This book is a collection of articles by the author who began writing in 1954 under the guidance of his late father, Thomas Smith, a well-known journalist. The articles were originally published in the Hindu and the Statesman over the years.
Life in the capital and its myriad hues have been deftly caught in this collection as seen through the eyes of one who must have really been in love with Delhi, particularly the Walled City which seems to have an unusual fascination for him when he first set foot in it and which has changed over the years, with the new giving place to the old. The people and their professions have altered but the monuments, an ode to the rulers of the past, stand as mute witnesses of what Delhi must have been during the different rulers who left some legacy of theirs behind for posterity to stand and admire.
In the ?Storyteller?, the first article, the author talks of the dastan goh or professional storyteller who is no longer seen in Delhi, because of the advent of radio and television. In the days of yore, the rich had their tawaifs to entertain them in their homes, while the middle class preferred the kotha (bordello) and the lovelorn poets like Ghalib and Nazir went to the kotha to enjoy the mujra performed by ?golden-voiced dancing girls?. Mir Baqar Ali of Ballimaran was the favourite dastan goh.
In the piece entitled ?Before the Wedding Began?, the author describes the experience of an old band man who used to run errands for the bandmaster and one day comes across a ghost who slaps him under a tree in place of which now stands the wall of a stadium.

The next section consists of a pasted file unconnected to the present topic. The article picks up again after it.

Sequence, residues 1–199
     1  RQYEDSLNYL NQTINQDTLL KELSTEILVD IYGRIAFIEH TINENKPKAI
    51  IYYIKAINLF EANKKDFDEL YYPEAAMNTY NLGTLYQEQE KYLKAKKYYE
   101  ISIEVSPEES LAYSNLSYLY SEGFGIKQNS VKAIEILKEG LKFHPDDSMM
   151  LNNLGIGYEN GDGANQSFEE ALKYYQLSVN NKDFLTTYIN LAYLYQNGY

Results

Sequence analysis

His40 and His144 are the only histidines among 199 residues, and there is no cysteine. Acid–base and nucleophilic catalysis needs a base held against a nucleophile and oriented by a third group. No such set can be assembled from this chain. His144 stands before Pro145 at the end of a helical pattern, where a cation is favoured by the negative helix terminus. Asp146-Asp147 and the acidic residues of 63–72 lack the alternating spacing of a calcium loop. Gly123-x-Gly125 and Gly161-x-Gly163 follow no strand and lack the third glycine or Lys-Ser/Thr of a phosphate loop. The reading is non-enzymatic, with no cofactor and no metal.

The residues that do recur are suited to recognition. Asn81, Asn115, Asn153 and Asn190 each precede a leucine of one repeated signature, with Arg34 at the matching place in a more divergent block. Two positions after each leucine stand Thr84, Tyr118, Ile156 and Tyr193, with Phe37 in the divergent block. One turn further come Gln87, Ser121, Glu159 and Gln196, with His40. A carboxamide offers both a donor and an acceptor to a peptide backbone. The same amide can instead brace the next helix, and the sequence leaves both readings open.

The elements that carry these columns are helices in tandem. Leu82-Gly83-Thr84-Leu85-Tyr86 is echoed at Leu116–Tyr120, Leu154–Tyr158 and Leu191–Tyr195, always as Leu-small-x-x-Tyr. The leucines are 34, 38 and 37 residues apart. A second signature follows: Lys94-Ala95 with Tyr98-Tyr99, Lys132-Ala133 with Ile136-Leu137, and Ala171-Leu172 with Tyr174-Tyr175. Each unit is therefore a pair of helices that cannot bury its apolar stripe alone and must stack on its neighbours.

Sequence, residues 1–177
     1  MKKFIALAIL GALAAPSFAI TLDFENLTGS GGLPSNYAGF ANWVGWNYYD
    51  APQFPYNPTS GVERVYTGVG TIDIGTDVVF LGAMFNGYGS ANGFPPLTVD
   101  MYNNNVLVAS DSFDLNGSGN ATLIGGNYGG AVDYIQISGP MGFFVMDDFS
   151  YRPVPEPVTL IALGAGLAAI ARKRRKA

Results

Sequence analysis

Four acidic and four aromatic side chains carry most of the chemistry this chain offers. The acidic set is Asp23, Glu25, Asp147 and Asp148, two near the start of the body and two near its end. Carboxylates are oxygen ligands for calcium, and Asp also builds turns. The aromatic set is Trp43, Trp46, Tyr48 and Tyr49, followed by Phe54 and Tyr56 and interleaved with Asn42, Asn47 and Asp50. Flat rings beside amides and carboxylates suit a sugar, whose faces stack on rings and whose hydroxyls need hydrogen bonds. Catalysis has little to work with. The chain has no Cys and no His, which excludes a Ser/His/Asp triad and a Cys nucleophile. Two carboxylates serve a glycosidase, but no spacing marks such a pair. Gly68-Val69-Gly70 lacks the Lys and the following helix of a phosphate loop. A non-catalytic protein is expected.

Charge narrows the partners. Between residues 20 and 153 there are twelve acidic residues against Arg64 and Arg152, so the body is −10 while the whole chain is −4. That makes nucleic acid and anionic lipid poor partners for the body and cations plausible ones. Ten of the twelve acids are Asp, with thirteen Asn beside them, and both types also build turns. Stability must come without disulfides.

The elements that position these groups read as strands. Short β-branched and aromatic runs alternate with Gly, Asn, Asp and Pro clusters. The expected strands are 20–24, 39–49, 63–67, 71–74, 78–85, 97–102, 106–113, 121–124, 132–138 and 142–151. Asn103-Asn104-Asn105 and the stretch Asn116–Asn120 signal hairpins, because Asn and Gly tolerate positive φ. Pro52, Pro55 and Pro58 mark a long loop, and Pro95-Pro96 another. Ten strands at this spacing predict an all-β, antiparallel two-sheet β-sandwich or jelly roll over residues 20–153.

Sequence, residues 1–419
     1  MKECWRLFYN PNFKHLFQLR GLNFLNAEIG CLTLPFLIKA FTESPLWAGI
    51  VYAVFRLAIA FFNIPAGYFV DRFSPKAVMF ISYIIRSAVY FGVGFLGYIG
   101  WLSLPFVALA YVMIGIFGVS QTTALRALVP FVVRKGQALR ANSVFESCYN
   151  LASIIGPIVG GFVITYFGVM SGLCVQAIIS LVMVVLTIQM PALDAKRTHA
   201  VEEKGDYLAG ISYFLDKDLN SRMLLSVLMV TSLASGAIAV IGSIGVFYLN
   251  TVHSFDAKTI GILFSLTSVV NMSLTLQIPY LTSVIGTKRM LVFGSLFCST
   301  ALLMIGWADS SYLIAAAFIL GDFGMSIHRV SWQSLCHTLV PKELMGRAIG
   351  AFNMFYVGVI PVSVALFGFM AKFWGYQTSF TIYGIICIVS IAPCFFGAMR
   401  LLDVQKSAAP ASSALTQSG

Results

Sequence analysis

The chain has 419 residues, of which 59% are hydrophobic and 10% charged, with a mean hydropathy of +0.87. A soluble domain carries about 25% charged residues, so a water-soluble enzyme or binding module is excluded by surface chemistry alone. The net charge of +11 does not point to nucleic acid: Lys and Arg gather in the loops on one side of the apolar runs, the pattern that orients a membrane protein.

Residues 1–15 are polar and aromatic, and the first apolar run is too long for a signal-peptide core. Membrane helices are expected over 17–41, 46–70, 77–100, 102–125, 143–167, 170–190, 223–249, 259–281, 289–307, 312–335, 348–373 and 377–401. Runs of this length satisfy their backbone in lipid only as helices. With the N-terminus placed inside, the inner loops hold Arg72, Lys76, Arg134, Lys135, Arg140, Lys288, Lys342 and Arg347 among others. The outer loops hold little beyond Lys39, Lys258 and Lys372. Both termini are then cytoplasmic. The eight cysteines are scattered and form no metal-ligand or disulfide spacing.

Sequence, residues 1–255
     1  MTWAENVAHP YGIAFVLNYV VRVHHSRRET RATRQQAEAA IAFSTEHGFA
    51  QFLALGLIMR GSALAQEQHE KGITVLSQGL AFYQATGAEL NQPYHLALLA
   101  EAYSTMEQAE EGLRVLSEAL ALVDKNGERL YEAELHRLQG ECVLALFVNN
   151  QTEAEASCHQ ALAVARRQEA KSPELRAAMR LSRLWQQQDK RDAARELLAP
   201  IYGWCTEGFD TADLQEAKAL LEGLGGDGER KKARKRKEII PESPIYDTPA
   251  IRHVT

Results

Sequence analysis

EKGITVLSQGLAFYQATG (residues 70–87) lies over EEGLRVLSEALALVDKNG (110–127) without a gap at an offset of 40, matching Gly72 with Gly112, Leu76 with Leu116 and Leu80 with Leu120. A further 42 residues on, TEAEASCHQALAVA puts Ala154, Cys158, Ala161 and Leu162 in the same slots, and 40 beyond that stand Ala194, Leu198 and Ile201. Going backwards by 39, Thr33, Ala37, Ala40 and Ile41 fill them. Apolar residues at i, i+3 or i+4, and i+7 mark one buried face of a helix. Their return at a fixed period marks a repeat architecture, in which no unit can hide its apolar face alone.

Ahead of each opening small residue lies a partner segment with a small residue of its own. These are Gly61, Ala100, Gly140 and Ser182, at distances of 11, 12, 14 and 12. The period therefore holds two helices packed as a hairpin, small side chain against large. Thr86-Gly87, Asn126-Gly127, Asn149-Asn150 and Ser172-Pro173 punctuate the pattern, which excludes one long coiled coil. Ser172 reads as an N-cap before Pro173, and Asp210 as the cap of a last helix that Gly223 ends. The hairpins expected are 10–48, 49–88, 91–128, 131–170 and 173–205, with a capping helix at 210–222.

In the article entitled ?Lantern Man?, the lantern-seller used to appear in the streets of Delhi at dark and whose approach was heralded by the street urchins shouting, ?Battiyonwalla buddha aa gaya? amidst his cry, ?Lantern layllo? before retiring as a street lamp-lighter. Though no longer seen, this old man is still remembered ?whenever there is a power failure,? says the author.
In the piece called ?Kabul Connection?, the author talks of Kabul'slinks with India since the days of Chandragupta who got Kabul and Baluchistan as his dowry from his father-in-law Seleucus, a General in Alexander'sarmy, his son Brindusara and grandson Ashoka retained control of Kabul.
There are many other short descriptions about Delhi'sother attractions which are caught not through the eyes of a scholar but a writer who fell in love with Delhi when he arrived here.
Here is a book for the older generation who must have passed through the lanes and by-lanes of old Delhi and who on reading this book will be able to relive the experiences of their past and notice how the transformation that has taken place over the years.
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